Most individuals have heard the terms ‘placebo’ and ‘placebo effect’ regarding the medical industry before, often specifically referring to medication. But what exactly do these terms mean and what impact do they have on the various treatments and medications patients undergo to maintain or return to healthy bodies? This is something many individuals may vaguely understand, but not entirely. However, truly understanding what the placebo effect is, is quite important when it comes to ensuring effective medical treatment, both for doctors as well as patients.
Start reading now to dive into what a placebo is, how they’re used in medicine, and whether or not the placebo effect is real.
When most individuals think of a placebo, they often think of sugar pills. While this may be the most common form, placebos can also be injections, liquids, or even an actual medical procedure. What remains the same throughout all of this, however, is a placebo is meant to look just like a treatment or medicine, but in reality is not. It is merely a look-alike. One popular example is a twenty-eight-day package of birth control pills. Typically, twenty-one of the pills will have active medication in them, whereas the remaining seven are just placebo or sugar pills. A significant reason behind the sugar pills is to help ensure the woman never forgets to take the active pills (meaning, no break in taking pills) while allowing her body to run through the regular cycle.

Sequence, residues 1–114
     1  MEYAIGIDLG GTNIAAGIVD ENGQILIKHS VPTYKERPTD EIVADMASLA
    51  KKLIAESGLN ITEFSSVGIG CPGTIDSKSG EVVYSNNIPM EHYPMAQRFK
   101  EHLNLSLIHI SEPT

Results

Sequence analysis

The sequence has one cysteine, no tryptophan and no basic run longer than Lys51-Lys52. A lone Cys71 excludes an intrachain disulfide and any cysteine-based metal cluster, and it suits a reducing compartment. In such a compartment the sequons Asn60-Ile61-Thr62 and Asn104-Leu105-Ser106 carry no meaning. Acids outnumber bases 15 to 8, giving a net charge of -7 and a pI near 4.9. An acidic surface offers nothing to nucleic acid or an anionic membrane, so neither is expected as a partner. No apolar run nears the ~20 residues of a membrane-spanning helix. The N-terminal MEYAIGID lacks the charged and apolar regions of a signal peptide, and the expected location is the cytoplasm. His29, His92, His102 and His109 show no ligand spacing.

Continue reading to learn about how placebos are used in medical research and clinical trials.